If you know someone who could use a good distraction and companion, I recommend going to your local SPCA or animal shelter and adopting a wonderful animal. Dog, cat, turtle, rabbit, any animal can help through a struggle. It will give you something to actually care about and take focus off yourself or a bad situation. But please— do what is right for you! If you cannot afford/handle/or have the space for an animal please consider other options.

I hope our story can help your everyday struggle with PTSD, but please remember I am not a professional in anyway- I just know what has worked for our family. Please seek ‘real’ help if you or someone you love has untreated PTSD.

Each Day Can Be A Struggle If You Allow It

Each day can be a struggle if you allow it. I see how B handles stress, and lately it has been getting better (YEY!!) With PTSD it can go one of several ways. Often he gets mad-angry- at the situation. He curses and swears like the vacuum that is clogged can hear him. I have to remind him that it 1) cannot hear you and 2) there is something we can do about it. So after we tear apart the vacuum and get the clog out we get back to vacuuming the never ending pet hair that is shed this time of year.
To me, the vacuum is working well, we got the job done and lets move on. But for B, its not quite that easy. I am relating this to part PTSD and part OCD that he has, nevertheless the situation can go one of two ways: he too will move on, or it will consume his life.
When it consumes his life I have failed as a care-giver. He will be in a bad mood about everything. The milk is out, it’s the worst thing. The light bulb blew, its now the worst thing. We got bills in the mail; THAT is the worst thing to date.
Since we have been married I have learned how to help turn the clogged vacuum to just a clogged vacuum, not the worst thing ever with B. I have offered him to get out of the house, or play with our adorable dog, or go for a walk. Find something that is an instant distraction.
This has worked for me, but I had to learn. There were days when not having enough milk for morning cereal turned to an all day depression and flashback episodes. And you know what? That is okay! It is okay to have bad day, but each day can be a struggle if you allow it to happen. As a care-giver or the person going through it.
What I have noticed to not allow each day to be a struggle is if you start the day well, the day will often end well. B likes to get up at the crack of dawn, and I am just not into that. I all that B’s time. He can write to get things off his chest, as he drinks his morning coffee and do his morning rituals (OCD). I have found this to be his comfort. He has that 2-3 hours to himself completely. Our dog is still sleeping with me so he has little to no distractions from B time. Sometimes, this does go wrong. He will turn on the morning news and see something about VA cuts, or another death overseas and it will spark that hate and emotion again. Often thankfully that’s not the case. But when it is, it is Okay! We get through it. He goes to the gym, or goes to get coffee or just something to get him out of the house.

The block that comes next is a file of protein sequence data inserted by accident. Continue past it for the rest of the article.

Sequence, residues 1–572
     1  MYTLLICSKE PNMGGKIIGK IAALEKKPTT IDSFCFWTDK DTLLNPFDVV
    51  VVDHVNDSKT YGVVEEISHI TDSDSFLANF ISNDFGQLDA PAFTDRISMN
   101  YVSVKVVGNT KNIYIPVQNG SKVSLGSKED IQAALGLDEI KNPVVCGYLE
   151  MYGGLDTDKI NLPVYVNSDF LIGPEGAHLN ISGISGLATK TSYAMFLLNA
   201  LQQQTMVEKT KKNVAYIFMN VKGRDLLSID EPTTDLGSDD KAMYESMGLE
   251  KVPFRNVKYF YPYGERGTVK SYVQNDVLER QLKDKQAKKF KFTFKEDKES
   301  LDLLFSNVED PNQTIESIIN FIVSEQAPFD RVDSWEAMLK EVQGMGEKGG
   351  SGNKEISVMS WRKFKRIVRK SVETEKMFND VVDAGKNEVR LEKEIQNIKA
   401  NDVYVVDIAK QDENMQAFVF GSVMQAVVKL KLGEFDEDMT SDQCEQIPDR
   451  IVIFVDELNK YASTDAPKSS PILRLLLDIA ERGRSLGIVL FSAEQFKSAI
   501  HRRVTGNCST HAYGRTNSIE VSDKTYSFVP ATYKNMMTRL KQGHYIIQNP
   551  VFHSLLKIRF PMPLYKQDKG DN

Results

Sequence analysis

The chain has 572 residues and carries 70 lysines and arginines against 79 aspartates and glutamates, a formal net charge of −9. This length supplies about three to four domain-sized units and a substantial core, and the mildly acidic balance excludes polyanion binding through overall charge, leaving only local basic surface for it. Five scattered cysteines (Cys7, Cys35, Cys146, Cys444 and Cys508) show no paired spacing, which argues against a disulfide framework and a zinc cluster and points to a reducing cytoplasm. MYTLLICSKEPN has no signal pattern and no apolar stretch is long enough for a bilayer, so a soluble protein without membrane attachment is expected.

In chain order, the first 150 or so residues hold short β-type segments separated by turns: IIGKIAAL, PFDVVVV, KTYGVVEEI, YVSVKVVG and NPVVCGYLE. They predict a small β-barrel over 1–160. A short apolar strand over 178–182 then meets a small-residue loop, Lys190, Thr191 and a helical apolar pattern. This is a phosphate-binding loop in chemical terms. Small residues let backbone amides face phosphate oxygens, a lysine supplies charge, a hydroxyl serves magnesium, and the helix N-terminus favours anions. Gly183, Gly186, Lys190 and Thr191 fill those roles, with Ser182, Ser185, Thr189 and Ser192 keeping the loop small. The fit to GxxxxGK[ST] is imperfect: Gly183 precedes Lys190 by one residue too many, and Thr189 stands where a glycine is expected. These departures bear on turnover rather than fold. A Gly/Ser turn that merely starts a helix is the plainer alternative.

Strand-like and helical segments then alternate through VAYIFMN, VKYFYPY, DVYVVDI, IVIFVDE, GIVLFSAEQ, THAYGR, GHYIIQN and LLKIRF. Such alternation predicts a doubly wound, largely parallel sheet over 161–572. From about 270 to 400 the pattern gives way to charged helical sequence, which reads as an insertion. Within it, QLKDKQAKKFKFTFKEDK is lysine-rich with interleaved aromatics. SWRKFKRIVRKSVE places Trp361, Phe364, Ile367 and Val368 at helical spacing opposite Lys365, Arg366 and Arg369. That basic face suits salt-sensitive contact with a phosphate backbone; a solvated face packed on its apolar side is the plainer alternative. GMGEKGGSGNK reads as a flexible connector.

These are how we do not let each day be a struggle. There were days that we did, and it was horrible. We have learned from it and now we are doing better.

I hope our story can help your everyday struggle with PTSD, but please remember I am not a professional in anyway- I just know what has worked for our family. Please seek ‘real’ help if you or someone you love has untreated PTSD.

About Me

I enjoy writing, public speaking, being with my family, supporting veterans and our military. My goal in life would not to end every war- even though it would be awesome!- but for everyone who serves to know they are loved, prayed for, and will be taken care of when they return. I am also active in my small country church, VFW Ladies Auxiliary, and leadership development in Western New York. Originally a PA girl, and I say you can never knock the Potter County mud off your boots.

I am a wife (married in October 2012)  to a Iraqi Veteran who has severe PTSD and OCD. To me PTSD is everyday. I am his care-giver and together we make it through each day. So many people do know the struggles of PTSD and the affects of war. I feel this is the why I need to write this blog. Mostly for me to escape some of the feelings I have toward PTSD and how it has changed my life, not to mention my Husbands, who I will refer to as B. The best thing in the world would to have a magic wand and wave it around my husband and all of those suffering from this awful condition and have it gone forever. But reality is that there is no medicine, therapy, treatment, or magic wand that can make it go completely away.

Each day my life is affected by PTSD, and I have learned so much about PTSD through other wives on social networking pages. I know I am not alone. The best way to get better-I am saying this about me as the wife and care-giver- is to talk about it. Or in my case write about it. I have learned what has worked for other vets, what has not worked, what is normal and not normal, and how lucking I really am to have a wonderful, supporting husband, that despite his flaws and illness will do anything for me.

I am also pregnant with our first child. This has been a journey in itself. I am currently not working because of budget cuts (loved my job and would never say anything bad about the organization) so between the PTSD and morning sickness, emotional rollercoaster I am on, and life in general I need a way to get it all out. If you do happen to read this, please do not judge, leave negative comments, but lets build each other up. I know I am not the only one going through this struggle we call life.

I hope our story can help your everyday battle with PTSD, but please remember I am not a professional in anyway- I just know what has worked for our family. Please seek ‘real’ help if you or someone you love has untreated PTSD. 


Thank you,